Recently Kia was stressed out, and griping about some first-world-problem (I forget what it was; something along the lines of “my clients want me to do stuff,” or “the internet is too slow”). I gripe equally as much about such faux-problems, but at that moment I was feeling impatient. So I said “Go drink some kefir.”
Now why would I say that?
Most kefir contains live active cultures of lactobacillus rhamnosus, a strain of probiotic bacteria shown to reduce anxiety and increase resilient behavior in mice (and people too). Somehow, this particular bacterium communicates with the brain via the vagus nerve, stimulating GABA neurotransmitter receptors, and blunting the effects of chronic cortisol release. Which can bring a person down a notch.
Kia, who has a particular genius for neatly encapsulating complex ideas into catch phrases, drank some kefir, and came back with the following: “We’re all responsible for our own brain chemistry, aren’t we?”
I had never thought about it that way exactly.
Insisting on responsibility, I think, is different than blaming the victim. We are not all blessed with naturally buoyant mood, high motivation, or even the ability to distinguish our own thoughts from reality. Some people are less able to cope with the stressful, sometimes horrible events that make up day to day life. One person I know is prone to realistic, terrifying hallucinations if he does not take large amounts of antipsychotic medications on a daily basis.
But still, my friend is responsible for his own brain chemistry. Because who else can be?
Friends, family, and society should provide assistance and support for the mentally ill (the Mental Health Parity Act is a huge step in the right direction, and will protect thousands of middle-class families from medical bankruptcy). But in terms of personal responsibility, there is only one person involved. The person who owns the brain.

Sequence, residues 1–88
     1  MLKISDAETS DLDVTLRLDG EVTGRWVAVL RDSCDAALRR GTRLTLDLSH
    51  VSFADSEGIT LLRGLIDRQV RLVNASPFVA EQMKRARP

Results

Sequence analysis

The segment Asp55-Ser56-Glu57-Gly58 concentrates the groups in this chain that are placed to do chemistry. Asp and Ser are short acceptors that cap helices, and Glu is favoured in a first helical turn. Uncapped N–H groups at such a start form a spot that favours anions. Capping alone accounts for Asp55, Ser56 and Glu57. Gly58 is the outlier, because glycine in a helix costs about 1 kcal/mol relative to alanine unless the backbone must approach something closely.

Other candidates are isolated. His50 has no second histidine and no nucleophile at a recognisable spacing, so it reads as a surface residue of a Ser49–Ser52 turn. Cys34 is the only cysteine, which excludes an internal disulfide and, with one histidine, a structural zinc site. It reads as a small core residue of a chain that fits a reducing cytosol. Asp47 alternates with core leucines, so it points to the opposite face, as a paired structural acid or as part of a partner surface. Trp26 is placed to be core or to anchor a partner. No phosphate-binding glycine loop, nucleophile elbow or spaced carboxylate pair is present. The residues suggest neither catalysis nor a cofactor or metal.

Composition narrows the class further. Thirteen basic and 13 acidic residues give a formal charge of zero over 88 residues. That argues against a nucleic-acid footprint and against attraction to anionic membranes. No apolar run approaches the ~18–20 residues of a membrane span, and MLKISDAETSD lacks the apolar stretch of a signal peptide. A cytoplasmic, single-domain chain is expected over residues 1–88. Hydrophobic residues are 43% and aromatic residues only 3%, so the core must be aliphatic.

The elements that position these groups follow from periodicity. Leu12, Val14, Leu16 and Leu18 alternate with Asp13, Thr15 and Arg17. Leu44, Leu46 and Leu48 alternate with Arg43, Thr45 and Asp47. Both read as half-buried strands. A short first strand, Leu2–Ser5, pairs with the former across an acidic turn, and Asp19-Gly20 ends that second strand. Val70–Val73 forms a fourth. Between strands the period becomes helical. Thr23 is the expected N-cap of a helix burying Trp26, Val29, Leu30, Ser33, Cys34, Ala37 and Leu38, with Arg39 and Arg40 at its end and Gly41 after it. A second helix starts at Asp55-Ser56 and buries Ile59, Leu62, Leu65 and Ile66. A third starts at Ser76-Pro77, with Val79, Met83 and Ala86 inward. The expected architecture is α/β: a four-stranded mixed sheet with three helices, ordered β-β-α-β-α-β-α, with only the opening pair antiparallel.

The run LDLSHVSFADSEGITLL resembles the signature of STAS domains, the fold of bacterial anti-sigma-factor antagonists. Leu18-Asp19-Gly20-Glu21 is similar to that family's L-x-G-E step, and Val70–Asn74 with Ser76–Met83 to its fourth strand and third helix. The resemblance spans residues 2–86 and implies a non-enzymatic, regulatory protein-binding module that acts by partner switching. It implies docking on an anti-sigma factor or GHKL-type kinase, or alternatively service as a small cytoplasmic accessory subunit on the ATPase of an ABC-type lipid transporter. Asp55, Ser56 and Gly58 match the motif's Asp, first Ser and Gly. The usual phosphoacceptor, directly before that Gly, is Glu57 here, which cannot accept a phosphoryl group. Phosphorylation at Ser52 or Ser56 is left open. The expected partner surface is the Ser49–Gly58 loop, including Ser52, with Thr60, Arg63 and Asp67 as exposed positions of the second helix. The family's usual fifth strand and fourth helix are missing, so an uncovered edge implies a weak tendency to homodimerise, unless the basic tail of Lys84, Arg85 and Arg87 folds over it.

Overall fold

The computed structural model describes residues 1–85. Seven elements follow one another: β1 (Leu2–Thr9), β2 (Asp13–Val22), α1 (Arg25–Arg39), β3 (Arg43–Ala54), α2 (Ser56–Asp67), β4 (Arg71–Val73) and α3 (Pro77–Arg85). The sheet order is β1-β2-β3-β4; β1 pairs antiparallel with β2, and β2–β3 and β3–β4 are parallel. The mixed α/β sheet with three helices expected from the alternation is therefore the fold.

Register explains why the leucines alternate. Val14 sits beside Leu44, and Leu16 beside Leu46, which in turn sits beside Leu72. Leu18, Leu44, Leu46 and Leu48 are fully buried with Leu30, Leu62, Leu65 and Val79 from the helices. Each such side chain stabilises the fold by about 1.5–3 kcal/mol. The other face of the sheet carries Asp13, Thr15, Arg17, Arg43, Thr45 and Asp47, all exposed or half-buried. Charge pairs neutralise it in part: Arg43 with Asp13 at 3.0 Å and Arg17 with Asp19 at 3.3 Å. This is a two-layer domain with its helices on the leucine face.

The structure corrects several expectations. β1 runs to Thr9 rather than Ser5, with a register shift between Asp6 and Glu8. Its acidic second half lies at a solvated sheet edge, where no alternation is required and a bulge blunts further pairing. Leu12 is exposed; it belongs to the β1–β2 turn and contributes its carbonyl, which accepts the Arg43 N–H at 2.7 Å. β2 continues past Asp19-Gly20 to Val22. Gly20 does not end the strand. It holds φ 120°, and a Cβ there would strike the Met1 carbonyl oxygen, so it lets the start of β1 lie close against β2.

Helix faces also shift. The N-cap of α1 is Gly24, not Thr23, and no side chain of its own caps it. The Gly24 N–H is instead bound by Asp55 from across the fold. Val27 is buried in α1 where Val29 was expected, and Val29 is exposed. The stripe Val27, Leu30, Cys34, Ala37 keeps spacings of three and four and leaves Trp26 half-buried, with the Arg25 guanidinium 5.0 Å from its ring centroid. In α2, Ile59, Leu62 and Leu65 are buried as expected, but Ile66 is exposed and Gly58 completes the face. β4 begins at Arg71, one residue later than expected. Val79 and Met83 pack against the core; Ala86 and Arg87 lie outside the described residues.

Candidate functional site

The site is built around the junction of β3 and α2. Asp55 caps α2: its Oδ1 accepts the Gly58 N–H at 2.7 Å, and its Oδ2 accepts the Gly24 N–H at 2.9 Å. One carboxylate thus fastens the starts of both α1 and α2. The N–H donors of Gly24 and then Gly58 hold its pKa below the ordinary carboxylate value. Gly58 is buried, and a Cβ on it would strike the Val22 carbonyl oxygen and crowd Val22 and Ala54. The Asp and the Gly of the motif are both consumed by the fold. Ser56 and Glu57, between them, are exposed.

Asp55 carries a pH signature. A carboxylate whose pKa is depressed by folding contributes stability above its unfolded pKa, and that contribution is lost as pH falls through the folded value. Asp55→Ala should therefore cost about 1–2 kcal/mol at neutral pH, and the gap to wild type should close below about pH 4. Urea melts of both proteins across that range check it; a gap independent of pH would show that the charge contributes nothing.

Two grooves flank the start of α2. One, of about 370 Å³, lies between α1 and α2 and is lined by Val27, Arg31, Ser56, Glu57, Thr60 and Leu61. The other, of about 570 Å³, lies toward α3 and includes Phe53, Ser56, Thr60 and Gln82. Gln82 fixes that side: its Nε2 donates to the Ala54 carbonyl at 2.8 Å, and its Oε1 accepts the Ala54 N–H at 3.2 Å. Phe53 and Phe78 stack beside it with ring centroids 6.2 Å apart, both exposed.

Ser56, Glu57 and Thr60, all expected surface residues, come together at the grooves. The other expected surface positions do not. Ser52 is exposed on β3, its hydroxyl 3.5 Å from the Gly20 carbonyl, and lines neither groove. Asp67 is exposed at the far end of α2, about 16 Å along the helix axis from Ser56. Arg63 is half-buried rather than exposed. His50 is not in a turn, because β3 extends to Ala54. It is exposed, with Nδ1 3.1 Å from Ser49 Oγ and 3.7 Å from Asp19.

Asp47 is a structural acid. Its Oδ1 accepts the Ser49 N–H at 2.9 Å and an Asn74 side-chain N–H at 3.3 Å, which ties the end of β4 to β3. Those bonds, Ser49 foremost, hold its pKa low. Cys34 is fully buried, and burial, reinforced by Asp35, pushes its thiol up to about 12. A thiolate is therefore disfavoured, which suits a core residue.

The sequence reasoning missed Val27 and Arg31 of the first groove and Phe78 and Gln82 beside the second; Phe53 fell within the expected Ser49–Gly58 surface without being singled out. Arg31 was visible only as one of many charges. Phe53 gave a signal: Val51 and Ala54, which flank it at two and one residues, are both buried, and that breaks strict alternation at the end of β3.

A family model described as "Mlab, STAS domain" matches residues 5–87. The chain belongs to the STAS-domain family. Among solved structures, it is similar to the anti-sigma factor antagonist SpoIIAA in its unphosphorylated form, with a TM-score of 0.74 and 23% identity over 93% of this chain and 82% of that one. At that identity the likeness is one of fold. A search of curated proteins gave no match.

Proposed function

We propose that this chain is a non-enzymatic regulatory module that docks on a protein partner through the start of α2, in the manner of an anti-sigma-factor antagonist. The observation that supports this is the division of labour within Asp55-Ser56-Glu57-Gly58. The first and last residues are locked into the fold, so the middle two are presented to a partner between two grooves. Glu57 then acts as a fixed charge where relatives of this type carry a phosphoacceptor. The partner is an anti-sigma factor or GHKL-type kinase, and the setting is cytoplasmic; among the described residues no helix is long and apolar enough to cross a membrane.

The principle is the same for serious mental illness or garden-variety blues and anxiety. The workings of the brain, factors that influence mood and motivation, are no longer mysterious. What works for most people?
- reasonable amounts of exercise
- adequate, regular undisturbed sleep
- turmeric (yellow curry) [anti-inflammatory, increase BDNF]
- probiotics that stimulate GABA
- adequate dietary omega-3 (fish oil, wild salmon)
- avoiding foods that wreak havoc with blood sugar, or disrupt/mimic neurotransmitter function (artificial colors, MSG, etc.)
- limiting (or abstaining from) alcohol and recreational drug use
- freedom from tyrants/oppressive personalities, or any situation that causes constant, chronic stress (periodic acute stress isn’t a problem)
- slightly more social contact than you think you need
- membership in a group that meets regularly
- spiritual factors (clear conscience, clear life purpose, etc.)
On the other hand an austere life of strict discipline is probably unnecessary for most people (in terms of maximizing mental health). Exercising to exhaustion every day won’t make me happy if I’m socially isolated. A good night’s sleep won’t help if I have to get up and work for an evil sociopath boss (luckily I’ve never had to, but I hear they’re out there).
Chasing happiness and running away from suffering isn’t the point. But I do want to be firing on cylinders, awake and aware and relatively comfortable in my own skin, so that I can attempt to live a rich and meaningful life, with moments of joy and love and passion.
I’m sure I missed something … but you get the point. At this point we should all know what works (if not from clinical research, then from trial and error in our own lives). The trick is doing it day to day; turning knowledge into habits.
So here’s to better living through chemistry (in the healthful sense).
Update Oct. 2015:
Previously on this blog I’ve mentioned the importance of vitamin D in terms of reducing asthma symptoms and improving sleep, but I should also include it on the list of mood regulators in light of Rhonda Patrick’s research.